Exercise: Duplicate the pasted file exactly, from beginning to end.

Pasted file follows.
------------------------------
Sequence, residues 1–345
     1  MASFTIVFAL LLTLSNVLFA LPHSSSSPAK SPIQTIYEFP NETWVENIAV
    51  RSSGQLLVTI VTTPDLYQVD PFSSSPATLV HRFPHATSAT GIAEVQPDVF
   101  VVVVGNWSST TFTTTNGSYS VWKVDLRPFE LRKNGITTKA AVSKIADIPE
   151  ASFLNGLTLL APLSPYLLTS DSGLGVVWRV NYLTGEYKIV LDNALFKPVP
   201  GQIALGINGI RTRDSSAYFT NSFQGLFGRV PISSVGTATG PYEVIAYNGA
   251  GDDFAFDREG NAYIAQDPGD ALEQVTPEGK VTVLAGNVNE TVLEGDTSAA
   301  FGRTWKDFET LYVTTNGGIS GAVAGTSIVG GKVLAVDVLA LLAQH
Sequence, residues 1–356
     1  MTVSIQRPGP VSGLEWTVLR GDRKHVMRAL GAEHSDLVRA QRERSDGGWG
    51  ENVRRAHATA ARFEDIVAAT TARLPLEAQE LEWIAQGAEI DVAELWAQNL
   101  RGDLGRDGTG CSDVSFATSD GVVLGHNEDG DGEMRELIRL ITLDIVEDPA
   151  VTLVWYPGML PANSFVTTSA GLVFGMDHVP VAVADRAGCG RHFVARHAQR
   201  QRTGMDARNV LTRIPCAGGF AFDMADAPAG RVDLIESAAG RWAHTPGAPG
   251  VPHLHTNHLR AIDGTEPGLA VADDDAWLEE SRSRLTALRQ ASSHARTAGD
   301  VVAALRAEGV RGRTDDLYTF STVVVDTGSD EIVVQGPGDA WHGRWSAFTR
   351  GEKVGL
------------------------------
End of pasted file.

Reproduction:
Sequence, residues 1–345
     1  MASFTIVFAL LLTLSNVLFA LPHSSSSPAK SPIQTIYEFP NETWVENIAV
    51  RSSGQLLVTI VTTPDLYQVD PFSSSPATLV HRFPHATSAT GIAEVQPDVF
   101  VVVVGNWSST TFTTTNGSYS VWKVDLRPFE LRKNGITTKA AVSKIADIPE
   151  ASFLNGLTLL APLSPYLLTS DSGLGVVWRV NYLTGEYKIV LDNALFKPVP
   201  GQIALGINGI RTRDSSAYFT NSFQGLFGRV PISSVGTATG PYEVIAYNGA
   251  GDDFAFDREG NAYIAQDPGD ALEQVTPEGK VTVLAGNVNE TVLEGDTSAA
   301  FGRTWKDFET LYVTTNGGIS GAVAGTSIVG GKVLAVDVLA LLAQH
Sequence, residues 1–356
     1  MTVSIQRPGP VSGLEWTVLR GDRKHVMRAL GAEHSDLVRA QRERSDGGWG
    51  ENVRRAHATA ARFEDIVAAT TARLPLEAQE LEWIAQGAEI DVAELWAQNL
   101  RGDLGRDGTG CSDVSFATSD GVVLGHNEDG DGEMRELIRL ITLDIVEDPA
   151  VTLVWYPGML PANSFVTTSA GLVFGMDHVP VAVADRAGCG RHFVARHAQR
   201  QRTGMDARNV LTRIPCAGGF AFDMADAPAG RVDLIESAAG RWAHTPGAPG
   251  VPHLHTNHLR AIDGTEPGLA VADDDAWLEE SRSRLTALRQ ASSHARTAGD
   301  VVAALRAEGV RGRTDDLYTF STVVVDTGSD EIVVQGPGDA WHGRWSAFTR
   351  GEKVGL